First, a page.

WASHINGTON — Newly revealed documents have shed light on the secret executive’s plans for apocalyptic scenarios — such as the aftermath of a nuclear attack — when the president can activate war powers for national security emergencies.
Until now, public knowledge of what the government has put into those classified guidelines, which invoke emergency and war powers granted by Congress or otherwise claimed by presidents, has been limited to declassified descriptions of those developed in the early Cold War. At the time, they included steps such as imposing martial law, arresting people deemed dangerous and censoring news from abroad.
It hasn’t been clear what’s in the modern guidelines — known as presidential emergency action documents — because none have been made public or shown to Congress under the administration of either party. But the newly unveiled documents, relating to the George W. Bush administration’s attempts to revise draft orders after the September 11, 2001 attacks, offer clues.
Several of the files, provided to DailyExpertNews by the Brennan Center for Justice, show that Bush-era efforts were, in part, aimed at a law that would allow the president to take over or take down communications networks in wartime. Close. That suggests that the government may have developed or revised such an order in light of the explosive growth of the consumer internet in the 1990s.
To underscore how little lawmakers and the public can conclude, another file, from the summer of 2008, noted that Justice Department lawyers are reviewing an unidentified draft injunction in light of a recent Supreme Court opinion. The memo doesn’t specify the ruling, but the court had just made landmark decisions on topics that could involve government emergency action — one on gun rights in the United States and another on Guantánamo detainees’ rights to court hearings.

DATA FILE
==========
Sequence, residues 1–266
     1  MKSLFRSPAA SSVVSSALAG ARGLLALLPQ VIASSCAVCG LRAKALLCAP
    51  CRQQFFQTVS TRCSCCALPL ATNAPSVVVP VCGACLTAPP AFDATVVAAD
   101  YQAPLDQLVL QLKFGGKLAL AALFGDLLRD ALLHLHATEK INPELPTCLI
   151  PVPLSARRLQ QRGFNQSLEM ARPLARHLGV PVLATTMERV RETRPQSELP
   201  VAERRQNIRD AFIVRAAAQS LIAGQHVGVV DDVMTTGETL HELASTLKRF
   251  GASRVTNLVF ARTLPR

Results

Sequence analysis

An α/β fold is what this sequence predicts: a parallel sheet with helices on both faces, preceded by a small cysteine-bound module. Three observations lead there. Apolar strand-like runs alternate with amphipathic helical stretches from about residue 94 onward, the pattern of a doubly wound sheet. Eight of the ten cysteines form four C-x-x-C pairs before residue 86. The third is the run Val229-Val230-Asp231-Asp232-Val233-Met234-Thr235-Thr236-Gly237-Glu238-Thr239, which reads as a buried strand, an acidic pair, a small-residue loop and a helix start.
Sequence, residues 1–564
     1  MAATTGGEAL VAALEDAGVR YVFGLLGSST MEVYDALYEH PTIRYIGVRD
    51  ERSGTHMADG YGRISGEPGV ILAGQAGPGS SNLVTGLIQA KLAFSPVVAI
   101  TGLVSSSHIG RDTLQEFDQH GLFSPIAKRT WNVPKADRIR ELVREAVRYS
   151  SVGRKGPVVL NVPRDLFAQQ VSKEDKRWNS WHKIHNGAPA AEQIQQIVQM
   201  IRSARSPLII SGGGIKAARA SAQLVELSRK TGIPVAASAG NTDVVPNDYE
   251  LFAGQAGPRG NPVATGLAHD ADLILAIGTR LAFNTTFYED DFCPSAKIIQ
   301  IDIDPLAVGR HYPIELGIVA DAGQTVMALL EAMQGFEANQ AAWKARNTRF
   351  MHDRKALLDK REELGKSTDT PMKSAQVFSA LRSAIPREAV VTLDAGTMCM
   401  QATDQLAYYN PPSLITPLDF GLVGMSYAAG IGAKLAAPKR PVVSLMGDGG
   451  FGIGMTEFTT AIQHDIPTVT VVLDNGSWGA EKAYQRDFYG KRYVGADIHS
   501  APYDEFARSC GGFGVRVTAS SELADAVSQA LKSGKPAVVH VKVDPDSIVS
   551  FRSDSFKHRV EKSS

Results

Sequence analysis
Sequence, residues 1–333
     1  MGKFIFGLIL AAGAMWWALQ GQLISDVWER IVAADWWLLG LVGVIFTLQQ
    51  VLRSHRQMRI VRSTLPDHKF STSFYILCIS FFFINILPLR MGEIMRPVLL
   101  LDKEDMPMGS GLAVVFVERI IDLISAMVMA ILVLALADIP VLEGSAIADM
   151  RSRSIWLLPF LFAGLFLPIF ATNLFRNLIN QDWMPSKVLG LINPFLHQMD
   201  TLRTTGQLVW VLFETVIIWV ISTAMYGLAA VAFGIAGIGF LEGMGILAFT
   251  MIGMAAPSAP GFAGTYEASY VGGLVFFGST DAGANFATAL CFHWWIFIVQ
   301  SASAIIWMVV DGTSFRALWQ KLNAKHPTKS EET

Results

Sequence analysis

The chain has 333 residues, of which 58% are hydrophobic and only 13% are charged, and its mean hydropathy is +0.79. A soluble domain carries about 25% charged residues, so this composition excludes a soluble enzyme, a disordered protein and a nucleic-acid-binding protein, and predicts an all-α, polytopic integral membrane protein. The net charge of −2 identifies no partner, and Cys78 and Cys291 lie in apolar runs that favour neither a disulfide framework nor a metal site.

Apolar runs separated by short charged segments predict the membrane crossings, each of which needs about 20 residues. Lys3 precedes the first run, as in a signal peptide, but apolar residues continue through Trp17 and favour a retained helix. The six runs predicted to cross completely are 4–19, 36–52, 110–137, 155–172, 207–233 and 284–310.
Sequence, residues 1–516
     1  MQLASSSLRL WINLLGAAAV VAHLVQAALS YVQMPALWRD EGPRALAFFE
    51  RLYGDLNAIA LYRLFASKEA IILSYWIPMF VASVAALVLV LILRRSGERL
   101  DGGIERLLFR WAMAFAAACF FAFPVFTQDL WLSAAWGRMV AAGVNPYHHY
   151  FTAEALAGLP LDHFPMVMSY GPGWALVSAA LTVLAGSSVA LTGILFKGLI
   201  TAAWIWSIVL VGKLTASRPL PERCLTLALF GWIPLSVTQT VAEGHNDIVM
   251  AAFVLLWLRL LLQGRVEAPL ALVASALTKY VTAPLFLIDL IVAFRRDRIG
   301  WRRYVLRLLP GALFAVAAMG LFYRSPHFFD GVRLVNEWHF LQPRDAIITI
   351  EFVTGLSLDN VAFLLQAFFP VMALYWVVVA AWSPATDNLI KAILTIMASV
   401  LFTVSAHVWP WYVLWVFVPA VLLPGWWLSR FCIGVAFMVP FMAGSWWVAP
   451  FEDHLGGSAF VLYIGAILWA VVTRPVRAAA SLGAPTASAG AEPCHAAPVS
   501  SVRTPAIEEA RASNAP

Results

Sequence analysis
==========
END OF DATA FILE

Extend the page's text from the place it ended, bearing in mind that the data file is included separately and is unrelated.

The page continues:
“The bottom line is that these documents leave no room for doubt that the post-9/11 emergency response documents have direct and significant implications for the civil liberties of Americans,” Elizabeth Goitein of the Brennan Center for Justice told IPS. the New York University. “And yet there is no oversight by Congress. And that is unacceptable.”
While it’s unclear how the guidelines have evolved since the later stages of the Cold War, Ms Goitein said they likely expanded to include scenarios other than a devastating nuclear attack. The documents show that later versions have expanded from one category to seven, although their topics remain secret and come under the jurisdiction of agencies with different areas of focus.
The newly revealed documents show that there were 48 of the directives when the Bush administration took office; by 2008, that number had grown to 56. Vice President Dick Cheney’s office was involved in reviewing and “cleaning up” the orders. The documents do not indicate any consultations with Congress.
Several Bush administration officials named in the documents spoke in the background to discuss matters that remain secret, portraying the effort as bureaucratic “good housekeeping.” It seemed sensible as the government refocused after the Sept. 11 attacks to focus on national security, they said.
The Brennan Center for Justice, which has been collecting material on the presidential emergency response documents, obtained the files under the Freedom of Information Act from the Bush presidential library. The disclosures ran to about 500 pages, while about 6,000 more pages were withheld as classified.